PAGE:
Why “Laurel”

When I was a hippie teenager growing up in Sonoma County, I was reading lots of Starhawk books and exploring my spirituality. One of the things that happens in Wicca/paganism is that folks often choose a “magical name,” something that tells the rational brain to step aside so this magic-working personality can step in. That’s how you wind up with folks named Silver Ravenwolf and Bunny Fluffernutter and what have you. Those kinds of names never appealed to me. I wanted something simple — magical, separate from my day-to-day name and identity, but something that could pass for a real name. I chose Laurel, in part from the California Bay Laurels that are common in the North Bay.

Except, I never went anywhere with those explorations and hence never used the name.

When I was 19 I convinced my dad to buy a modem for our computer and I began exploring the world of BBSes. The first time I logged into one, I realized I was going to have to pick a “handle,” an identity I’d use online. Hey, I’d already picked a name before, and never got to use it. Laurel it was.

My insertion into the Sonoma County BBS scene happened really rapidly. Within three weeks I was a Co-SysOp on the Clam Chowder Hut, a board run by a 13-year-old Santa Rosa kid who went by Derf (Fred backwards) and soon had my own advice board, called “Ask Laurel” (which was a counterpart to the much more crass and comedic Ask Homey Da Clown). I loved the freedom I had online to communicate with people — at that age I was still so painfully shy that I didn’t talk much except with close friends, but online I found that I felt free to write out my thoughts in detail, and that people were interested in hearing them. BBSes were a place where many of us learned to be less socially awkward, at least among folks who were as socially awkward as we were. This path of self-discovery allowed me to shift into a place of relative social self-confidence, an aspect of myself I still rely upon daily.

Many people thought “Laurel” was my real name, because it is a name that sounds like it could be on someone’s birth certificate (unlike, say, Flourescent Floral Flouride or Tristessa or Thunderbolt or Swamp Gas). In some ways, “Laurel” was a new identity for me, a name for the self that was emerging.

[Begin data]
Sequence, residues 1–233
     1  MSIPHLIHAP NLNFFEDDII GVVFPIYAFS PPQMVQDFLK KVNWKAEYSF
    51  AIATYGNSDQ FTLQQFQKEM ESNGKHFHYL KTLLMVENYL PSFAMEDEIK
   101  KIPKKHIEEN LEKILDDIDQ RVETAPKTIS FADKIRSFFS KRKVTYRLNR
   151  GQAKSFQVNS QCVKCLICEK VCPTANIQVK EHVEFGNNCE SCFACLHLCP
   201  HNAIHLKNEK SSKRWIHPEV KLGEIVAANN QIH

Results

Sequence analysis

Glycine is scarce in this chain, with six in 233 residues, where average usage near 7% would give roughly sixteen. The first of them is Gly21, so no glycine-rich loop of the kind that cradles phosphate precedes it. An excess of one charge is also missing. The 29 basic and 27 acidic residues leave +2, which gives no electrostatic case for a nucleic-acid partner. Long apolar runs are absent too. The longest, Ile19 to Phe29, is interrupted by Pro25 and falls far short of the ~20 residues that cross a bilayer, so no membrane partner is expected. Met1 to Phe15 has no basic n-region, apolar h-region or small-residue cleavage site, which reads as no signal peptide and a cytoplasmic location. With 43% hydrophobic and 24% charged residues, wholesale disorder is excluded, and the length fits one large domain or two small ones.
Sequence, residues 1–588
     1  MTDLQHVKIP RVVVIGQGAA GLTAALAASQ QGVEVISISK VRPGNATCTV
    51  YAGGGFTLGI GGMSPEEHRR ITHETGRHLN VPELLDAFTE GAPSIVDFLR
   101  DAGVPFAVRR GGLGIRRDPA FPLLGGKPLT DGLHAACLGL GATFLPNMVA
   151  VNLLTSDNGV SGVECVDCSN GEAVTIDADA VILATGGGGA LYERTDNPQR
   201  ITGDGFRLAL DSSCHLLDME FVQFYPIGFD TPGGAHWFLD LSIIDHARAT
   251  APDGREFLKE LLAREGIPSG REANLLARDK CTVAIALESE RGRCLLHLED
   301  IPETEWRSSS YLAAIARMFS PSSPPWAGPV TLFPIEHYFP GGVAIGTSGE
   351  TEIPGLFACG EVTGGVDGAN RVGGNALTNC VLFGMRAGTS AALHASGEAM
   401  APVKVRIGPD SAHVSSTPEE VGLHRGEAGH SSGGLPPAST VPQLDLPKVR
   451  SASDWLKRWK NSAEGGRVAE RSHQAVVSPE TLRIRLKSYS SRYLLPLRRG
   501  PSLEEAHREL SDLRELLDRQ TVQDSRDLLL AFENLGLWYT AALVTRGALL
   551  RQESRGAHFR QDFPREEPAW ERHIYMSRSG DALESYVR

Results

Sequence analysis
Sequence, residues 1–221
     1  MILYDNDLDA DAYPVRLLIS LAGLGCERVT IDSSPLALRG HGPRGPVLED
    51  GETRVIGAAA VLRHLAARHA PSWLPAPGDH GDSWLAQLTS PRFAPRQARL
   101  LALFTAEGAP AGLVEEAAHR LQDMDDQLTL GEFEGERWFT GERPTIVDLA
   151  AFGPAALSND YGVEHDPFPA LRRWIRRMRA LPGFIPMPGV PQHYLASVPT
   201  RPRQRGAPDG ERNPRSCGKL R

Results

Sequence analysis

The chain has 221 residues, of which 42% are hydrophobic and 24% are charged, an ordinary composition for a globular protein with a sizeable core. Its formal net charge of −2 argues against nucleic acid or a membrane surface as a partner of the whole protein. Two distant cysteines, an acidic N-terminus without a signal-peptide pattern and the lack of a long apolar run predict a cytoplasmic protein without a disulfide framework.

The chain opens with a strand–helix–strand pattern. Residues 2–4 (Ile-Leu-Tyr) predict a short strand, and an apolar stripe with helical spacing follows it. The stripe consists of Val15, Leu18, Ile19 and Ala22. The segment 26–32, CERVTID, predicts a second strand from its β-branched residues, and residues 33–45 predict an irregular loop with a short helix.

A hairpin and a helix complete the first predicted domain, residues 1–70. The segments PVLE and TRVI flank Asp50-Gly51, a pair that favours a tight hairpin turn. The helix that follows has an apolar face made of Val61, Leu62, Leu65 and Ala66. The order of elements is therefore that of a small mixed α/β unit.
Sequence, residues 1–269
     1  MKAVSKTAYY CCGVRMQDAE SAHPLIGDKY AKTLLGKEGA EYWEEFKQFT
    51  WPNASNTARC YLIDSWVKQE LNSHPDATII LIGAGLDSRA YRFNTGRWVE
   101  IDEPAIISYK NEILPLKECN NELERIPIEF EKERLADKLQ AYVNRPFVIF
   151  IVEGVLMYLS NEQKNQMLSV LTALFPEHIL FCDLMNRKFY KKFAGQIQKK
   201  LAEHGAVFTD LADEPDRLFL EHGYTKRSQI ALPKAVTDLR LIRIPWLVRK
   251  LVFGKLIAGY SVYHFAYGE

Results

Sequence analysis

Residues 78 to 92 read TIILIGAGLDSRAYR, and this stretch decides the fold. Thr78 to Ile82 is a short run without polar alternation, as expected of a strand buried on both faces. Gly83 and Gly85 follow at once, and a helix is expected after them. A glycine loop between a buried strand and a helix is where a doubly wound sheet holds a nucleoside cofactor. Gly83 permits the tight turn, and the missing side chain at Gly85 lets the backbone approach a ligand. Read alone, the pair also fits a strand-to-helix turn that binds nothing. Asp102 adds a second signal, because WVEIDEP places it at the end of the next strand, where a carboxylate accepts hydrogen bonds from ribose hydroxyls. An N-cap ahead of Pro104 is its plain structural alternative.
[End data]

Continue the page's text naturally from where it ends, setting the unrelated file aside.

Devin was also running a BBS at that time — Atlantica, named after a tropical-fish store where he’d worked. I remember meeting him at a MORE (Modemers of the Redwood Empire) meeting when he was 15 and still very small physically — made all the more dramatic by his close friendship with Chris Church, who was more than 6 feet tall and quite heavy then.

Devin and I were friendly acquaintances for a long time, but when I closed down my BBS and moved away to Berkeley to go to Cal, we struck up an email correspondence. He came to visit me often, looked after me during some rough patches, and in June of 1995, when he was just about to turn 18 and I was 22, our friendship turned romantic — and has remained so since. What started as an intimacy between good friends has turned into what we hope will be a life-long romance and commitment to each other. I’ve always felt that I chose well when I fell in love with him, and the experiences of our attempts to get pregnant and the experiences of our pregnancy and first week of parenting have only proven that more.

I wouldn’t have found him without the modem, and my being “Laurel” feels like a huge part of it, too.

When we were making our baby-names list, he had suggested Laura and I had suggested Lorelei, the name for a woman who became a siren, one of those water-nymphs who lure sailors to their deaths. (What can I say? I’m a sucker for sea mythology, especially when we’re talking about a Piscean baby.) Somewhere in there one of us suggested Laurel, and when we did the scoring, it rose to the top of the list.

But what cemented it was the day I spent at UCSF while Devin hung out with our new baby girl at home. He says he noticed that she would make little movements that reminded him of me. Since then, we’ve noticed that she and I like to sleep in the exact same pose. So it made sense to name our daughter for an aspect of myself, one that had been deeply involved in us coming together to produce her in the first place.

That said, if we ever have a second child and it turns out to be a boy, I don’t think we’ll be naming him after Devin’s BBS handle. It was Aquamaestro.

— Beth